Managing vulnerabilities is a significant challenge for many organizations. The main difficulties with managing this manifest in two key areas.
The first is that the list isn’t static. It seems that new vulnerabilities are discovered almost daily, adding to our list (assuming we are scanning regularly). In what are considered relatively small environments, the list of vulnerabilities can run into the thousands, for enterprises it can seem like a tsunami of vulnerabilities.
The other key area of concern revolves around the vulnerabilities that need to be addressed first.
Many organizations sort their list by severity, starting with high severity and working down through the medium, low and finally the informational vulnerabilities. Others will use CVSS score or PCI severity. For smaller environments with a few tens or hundreds of systems it may be possible to get to the bottom of the list. For many, however, the task of completing the high severities alone can seem insurmountable (and often is).
The primary objective should be to discover which of those vulnerabilities pose the greatest risk to your organisation and severity, or CVSS score or PCI severity, simply isn’t enough. If you can mitigate the vulnerabilities through which you are most likely to be attacked as task #1, then you can reduce the attack surface you are presenting to the outside world dramatically.
Kmart and David Jones have both recently suffered intrusions via WebSphere vulnerabilities. While we don’t have specifics on which vulnerabilities were actually used there is speculation in the press that both were related to one recently discovered. There have been 235 WebSphere vulnerabilities discovered (or updated) in the past 3 years alone (according to the National Vulnerability Database). Many of those, like the vulnerability suspected of being used, are medium severity vulnerabilities.
If our list of vulnerabilities has thousands of high severity vulnerabilities with more being added daily, how will we ever get to those that might cause immediate harm?
This is where your vulnerability management solution choice is critical.
The tool you choose needs to understand what makes a vulnerability into a significant risk to your environment and that’s the availability of an exploit. A vulnerability without a known exploit is, for a hacker, similar to having to navigate around the outskirts of the city to get to the other side of a busy street with fast moving traffic. It’s a lot of work to get there but if there’s a clearly signed crossing then anyone would take that route, it’s easy.
Hackers are using vulnerability scanners; they are looking for the same information you are. They are comparing the discovered vulnerabilities to the lists of exploits that they have to hand. If they find an IP address with an easily exploitable vulnerability, then it’s simple to get in and take a look around. If there’s something of value then we’re going to hear about it in the press, if not no-one may ever know. The picture of the hacker spending hours, days, weeks or even months to break into your network is the exception and then the hacker needs to know there’s value in breaking in. For many, it’s just a drive-by/opportunist activity.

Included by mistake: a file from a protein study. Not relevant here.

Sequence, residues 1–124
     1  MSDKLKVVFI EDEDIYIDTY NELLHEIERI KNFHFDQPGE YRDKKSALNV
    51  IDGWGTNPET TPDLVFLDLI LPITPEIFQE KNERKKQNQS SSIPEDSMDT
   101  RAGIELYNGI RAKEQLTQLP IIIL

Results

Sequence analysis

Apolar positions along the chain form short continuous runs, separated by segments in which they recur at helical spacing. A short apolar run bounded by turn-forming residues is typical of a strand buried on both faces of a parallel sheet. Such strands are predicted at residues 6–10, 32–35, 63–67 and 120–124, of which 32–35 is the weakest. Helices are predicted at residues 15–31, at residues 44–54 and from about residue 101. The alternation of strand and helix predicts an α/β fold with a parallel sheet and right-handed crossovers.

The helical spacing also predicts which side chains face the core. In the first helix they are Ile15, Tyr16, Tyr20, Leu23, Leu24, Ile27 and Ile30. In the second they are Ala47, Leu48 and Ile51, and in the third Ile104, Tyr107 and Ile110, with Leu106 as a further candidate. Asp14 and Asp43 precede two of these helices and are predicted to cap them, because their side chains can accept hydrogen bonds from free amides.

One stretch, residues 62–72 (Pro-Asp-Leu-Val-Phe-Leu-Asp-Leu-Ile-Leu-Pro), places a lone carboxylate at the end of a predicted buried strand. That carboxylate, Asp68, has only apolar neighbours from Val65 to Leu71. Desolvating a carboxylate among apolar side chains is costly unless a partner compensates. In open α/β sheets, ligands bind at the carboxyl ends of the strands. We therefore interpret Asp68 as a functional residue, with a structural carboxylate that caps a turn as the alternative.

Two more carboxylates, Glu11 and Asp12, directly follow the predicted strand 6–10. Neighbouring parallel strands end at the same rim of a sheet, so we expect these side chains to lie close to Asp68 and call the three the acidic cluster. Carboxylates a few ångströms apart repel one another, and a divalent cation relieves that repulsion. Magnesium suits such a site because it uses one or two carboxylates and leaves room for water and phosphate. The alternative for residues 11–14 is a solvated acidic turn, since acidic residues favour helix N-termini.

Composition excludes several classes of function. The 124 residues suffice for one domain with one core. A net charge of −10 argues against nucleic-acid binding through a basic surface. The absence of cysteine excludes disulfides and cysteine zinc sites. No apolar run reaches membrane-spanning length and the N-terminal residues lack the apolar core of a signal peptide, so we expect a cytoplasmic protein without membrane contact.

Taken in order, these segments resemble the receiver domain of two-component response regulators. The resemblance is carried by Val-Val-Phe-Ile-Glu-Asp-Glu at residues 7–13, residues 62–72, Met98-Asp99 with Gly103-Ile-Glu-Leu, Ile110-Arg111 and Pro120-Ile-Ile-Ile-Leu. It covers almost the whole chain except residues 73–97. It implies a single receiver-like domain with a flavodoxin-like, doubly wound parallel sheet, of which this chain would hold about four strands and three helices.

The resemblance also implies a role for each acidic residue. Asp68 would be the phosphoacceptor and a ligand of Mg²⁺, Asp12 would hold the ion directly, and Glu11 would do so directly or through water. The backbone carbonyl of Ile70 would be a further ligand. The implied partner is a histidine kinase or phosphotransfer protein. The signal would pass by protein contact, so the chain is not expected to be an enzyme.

You need tools that will not only find all the vulnerabilities across all your platforms; not just Windows, Linux and Unix but also infrastructure devices such as Cisco, Juniper, etc. What about mobile devices, Android, IOS, BlackBerry, Windows Phone? Cloud systems such as AWS, GoGrid, Rackspace, etc? Wherever your data lives you need to be scanning but that’s just adding vulnerabilities that need to be worked through. If your tool gives you the number of known exploits available for each vulnerability (including exploit toolkits) then we have a much better filter to target our efforts.
If you mitigate the vulnerabilities with known exploits first then you are no longer an easy target, the hacker is much more likely to move along. You are getting the biggest return for your investment and the largest reduction in risk for the effort involved in the mitigations. Unsurprisingly, when you sort the list of vulnerabilities by the number of exploits, medium, low and information severity vulnerabilities bubble quickly to the top of the list.
BeyondTrust’s Retina Vulnerability Management
solutions give you the visibility you need to see across your estate and the focus to help you attack the vulnerabilities with exploits first. The BeyondTrust Research team is updating our vulnerability database continually with details of new vulnerabilities and newly published exploits which are delivered directly to your Retina implementations. Retina gives you the opportunity to take back control. Contact us today
for a free trial.
Brian Chappell | BeyondTrust | Director, Technical Services | EMEAI & APAC